It’s the holiday season, which means you may be traveling more than usual. You may also have to fly regularly for your job.
Either way, flying isn’t good for your skin. Are you taking precautions?
Your Skin on a Plane
You may have already noticed that your skin doesn’t look or feel its best after a few hours on the plane. But why is that? What happens to create that dry, itchy feeling?
1. Airplanes Circulate Dry Air
The biggest problem with flying is that the skin is exposed to very dry air. Since the plane has to be airtight to be pressurized (which is what saves you from needing an oxygen mask as you go thousands of feet up into the air), that means the only available air is what is circulated inside the plane itself.
That air is not humidified, which means there is no moisture added to it. As a result, it is about 20-50 percent lower in humidity than what the skin is normally comfortable in. Such dry air pulls moisture from the skin in an attempt to create homeostasis, robbing your skin of whatever moisture it had when you stepped on board.
The result? Dry, dehydrated and potentially even itchy and irritated skin.
2. Dry Air Can Cause Breakouts
If your skin breaks out after an airplane trip, you can blame the plane. All that dry air causes the skin to work overtime to counteract the dryness. That means it produces more oil than usual, and you may experience greasiness. Oily skin types are particularly vulnerable to this effect, though any skin type may suffer from breakouts after a flight.
Of course, flying is often stressful too, and you’re likely to get less-than-optimal amounts of sleep before and/or after your trip, which can also create the perfect conditions for a breakout.
3. Cabin Altitude Dulls You Out
Commercial aircraft are usually pressurized to levels representing between 6,000 and 8,000 feet, which is a higher altitude than what most people are used to. Higher altitudes create less blood flow to the skin, which can make skin look dull, lifeless, and pale.
4. High Altitudes Expose Skin to Dangerous UV Rays
While you’re on a plane, you’re actually at a greater risk of UV-induced skin cell damage than when you’re on the ground, for one simple reason—you’re closer to the sun. Particularly if you have a window seat, your skin can be exposed to higher-than-normal levels of UV radiation.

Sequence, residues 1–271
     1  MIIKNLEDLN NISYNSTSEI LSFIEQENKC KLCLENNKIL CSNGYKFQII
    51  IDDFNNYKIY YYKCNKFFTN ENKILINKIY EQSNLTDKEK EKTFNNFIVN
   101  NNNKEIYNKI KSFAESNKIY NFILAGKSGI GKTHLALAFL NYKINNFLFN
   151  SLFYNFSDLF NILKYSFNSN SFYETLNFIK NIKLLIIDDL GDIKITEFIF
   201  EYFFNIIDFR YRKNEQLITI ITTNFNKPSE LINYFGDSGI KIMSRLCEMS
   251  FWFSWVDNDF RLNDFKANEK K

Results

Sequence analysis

Yes, UV rays can penetrate window glass on airplanes, particularly UVA rays, which are more strongly linked to skin cancer. A 2015 study found that pilots flying for about 56 minutes at 30,000 feet were exposed to the same amount of UVA radiation as someone receiving a 20-minute session in a tanning bed.
Passengers are at a lower risk than pilots, as the windows are smaller and the people are exposed less often, but when you’re flying it’s important to realize that you can be exposed to UV rays.
5. Planes Make You Puffy
If you notice puffy eyes or puffiness in other areas of your face after getting off the plane, that’s also common. Sitting all that time with little movement can result in fluid retention, which causes the skin to puff up.
How to Survive the Plane Trip With Healthy-Looking Skin
There are several steps you can take to help your skin cope with the stresses of flying, so when you get where you want to go, you still look your radiant best.
- Use a good moisturizer before you leave. Consider using a moisturizing mask the night before.
- Drink enough water before, during, and after the flight.
- Take along a moisturizing spray like our Rescue + Relief Spray to help counteract cabin dry air.
- Consider flying with minimal makeup or no makeup at all—it will help keep your pores cleaner. Take makeup with you to apply before you land or shortly after if you like.
- Move around as much as you can to stimulate blood circulation.
- If you don’t have makeup on, use some moisturizer and massage your face after you land. It will help get the circulation going again and reduce any puffiness.
- If you experience post-flight oiliness, cleanse your skin after you land, then follow with an oil-free moisturizer.
- If you’re on a super long international flight, take along some skincare products so you can stick with your normal skincare routine.
- Pack a nourishing lip balm and apply it as needed.
- Avoid eating high-sodium foods, which can contribute to water retention and puffiness.
- Avoid alcohol, because it’s dehydrating.
- Apply sunscreen before leaving. If you are in a window seat, keep the shade down most of the time.
How do you make sure your skin survives the flight?
Sanlorenzo, M., Vujic, I., Posch, C., Cleaver, J. E., Quaglino, P., & Ortiz-Urda, S. (2015). The Risk of Melanoma in Pilots and Cabin Crew. JAMA Dermatology, 151(4), 450. doi:10.1001/jamadermatol.2014.4643